The name of Robin Benzing may not be a familiar one to all readers of BallinEurope, but he is now a new chapter of the problems young facing Europeans who wish to play in the NCAA.
After some of last season’s recruits from Europe were banned for one season, this summer’s problems have gone further. We received the following official press release from the University of Michigan yesterday:
Robin Benzing (Seeheim-Jugenheim, Germany) will not enroll to the University due to NCAA initial eligibility requirements.
We felt Robin had a very good chance of qualification, but in the end the NCAA Eligibility Center found him to be just short of eligibility to receive a scholarship from any Division I university.
While we were aware of the risk involved with this signing and we are disappointed for Robin, it does not deter our confidence in finding the right student-athletes for the future of this basketball program.
Robin is a fine young man and we will continue to provide him with the NCAA information he will need if he continues to pursue options in the United States. If he does not pursue these options, I assume he will begin playing at a professional level in Europe starting this fall.
As NCAA rules state that you are not allowed to get a scholarship when you have previously played professionally, for a few years the eligibility committee has also been looking more closely at the teams for which recruits played. And if those teams have paid players, even not the one committed to a given college, it is used as justification to deny these guys the opportunity to play NCAA basketball.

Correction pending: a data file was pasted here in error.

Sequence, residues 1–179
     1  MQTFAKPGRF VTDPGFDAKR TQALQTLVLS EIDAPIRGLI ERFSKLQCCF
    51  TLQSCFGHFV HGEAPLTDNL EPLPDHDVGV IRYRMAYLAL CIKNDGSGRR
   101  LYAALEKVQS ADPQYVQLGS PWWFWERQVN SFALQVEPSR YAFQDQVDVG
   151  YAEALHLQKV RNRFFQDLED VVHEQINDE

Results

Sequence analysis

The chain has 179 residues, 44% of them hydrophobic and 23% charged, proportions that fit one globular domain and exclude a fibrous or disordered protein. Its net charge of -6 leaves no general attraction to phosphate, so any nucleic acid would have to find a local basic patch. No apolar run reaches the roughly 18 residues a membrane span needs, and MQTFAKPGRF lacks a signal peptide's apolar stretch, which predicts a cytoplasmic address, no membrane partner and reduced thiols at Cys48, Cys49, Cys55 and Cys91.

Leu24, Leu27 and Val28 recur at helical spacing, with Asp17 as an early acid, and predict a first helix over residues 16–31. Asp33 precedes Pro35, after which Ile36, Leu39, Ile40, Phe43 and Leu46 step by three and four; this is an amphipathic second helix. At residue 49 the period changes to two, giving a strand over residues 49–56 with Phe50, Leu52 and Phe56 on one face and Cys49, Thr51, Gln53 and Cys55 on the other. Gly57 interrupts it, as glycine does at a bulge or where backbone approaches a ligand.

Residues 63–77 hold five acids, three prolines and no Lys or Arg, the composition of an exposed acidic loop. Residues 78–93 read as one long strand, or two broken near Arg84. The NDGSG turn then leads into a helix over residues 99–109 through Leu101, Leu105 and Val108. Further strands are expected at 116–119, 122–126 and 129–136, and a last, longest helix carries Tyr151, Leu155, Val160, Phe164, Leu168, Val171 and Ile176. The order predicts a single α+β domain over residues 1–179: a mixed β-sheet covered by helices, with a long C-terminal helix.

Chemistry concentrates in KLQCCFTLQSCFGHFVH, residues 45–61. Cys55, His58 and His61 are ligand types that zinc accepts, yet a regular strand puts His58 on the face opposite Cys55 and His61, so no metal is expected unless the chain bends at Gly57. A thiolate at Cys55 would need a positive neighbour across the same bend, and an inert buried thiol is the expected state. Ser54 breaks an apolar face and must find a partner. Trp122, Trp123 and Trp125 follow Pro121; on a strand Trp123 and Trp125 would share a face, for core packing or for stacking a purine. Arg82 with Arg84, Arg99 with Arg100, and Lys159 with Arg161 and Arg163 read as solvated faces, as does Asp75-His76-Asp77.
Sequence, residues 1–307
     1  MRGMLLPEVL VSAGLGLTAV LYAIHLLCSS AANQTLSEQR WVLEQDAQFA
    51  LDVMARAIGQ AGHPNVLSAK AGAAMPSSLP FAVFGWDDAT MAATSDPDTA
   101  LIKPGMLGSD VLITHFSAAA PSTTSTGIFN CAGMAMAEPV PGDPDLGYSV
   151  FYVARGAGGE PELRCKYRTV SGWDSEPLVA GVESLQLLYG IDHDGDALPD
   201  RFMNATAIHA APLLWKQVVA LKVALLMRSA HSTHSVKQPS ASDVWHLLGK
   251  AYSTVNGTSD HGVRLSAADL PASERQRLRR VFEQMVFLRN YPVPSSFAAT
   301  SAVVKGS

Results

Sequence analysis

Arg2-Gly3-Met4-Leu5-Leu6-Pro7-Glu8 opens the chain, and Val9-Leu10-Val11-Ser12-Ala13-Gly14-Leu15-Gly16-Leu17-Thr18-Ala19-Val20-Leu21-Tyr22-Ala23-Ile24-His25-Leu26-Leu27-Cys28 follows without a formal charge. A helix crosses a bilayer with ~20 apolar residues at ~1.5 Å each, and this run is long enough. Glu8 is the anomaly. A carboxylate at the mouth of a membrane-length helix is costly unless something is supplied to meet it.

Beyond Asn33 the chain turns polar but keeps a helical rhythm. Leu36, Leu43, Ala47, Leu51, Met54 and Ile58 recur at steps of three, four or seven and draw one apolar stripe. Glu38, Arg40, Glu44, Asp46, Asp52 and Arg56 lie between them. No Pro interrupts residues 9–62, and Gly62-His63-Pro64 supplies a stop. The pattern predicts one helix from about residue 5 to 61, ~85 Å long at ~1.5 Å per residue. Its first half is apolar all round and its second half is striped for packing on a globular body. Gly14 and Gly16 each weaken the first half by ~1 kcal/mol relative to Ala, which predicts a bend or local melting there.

And this is what happened to Robin Benzing. Benzing played basketball at TV Langen in the 2nd German division without getting paid himself, but by playing alongside paid professionals on his team. Now he’s not even eligible for the NCAA, while his predecessors came away with a one-year ban or some other stuff.
This looks to me like the real end of Europeans going to the NCAA and thus the tradition of great basketball players like Detlef Schrempf, Rik Smits or Sarunas Jasikevicius who all went this way a few years ago. The only way for Benzing to fulfill his dream now would be to move to a prep school for one year and try to regain eligibility through this route — highly unlikely, however.
Instead, Benzing will probably sign a professional contract in upcoming weeks in order to continue his basketball career. First of all, though, he has to play the U20 B Division European Championship with Germany.
UPDATE (22/7/2008): According to this article, Robin Benzing has not been eligible because he failed in the SAT.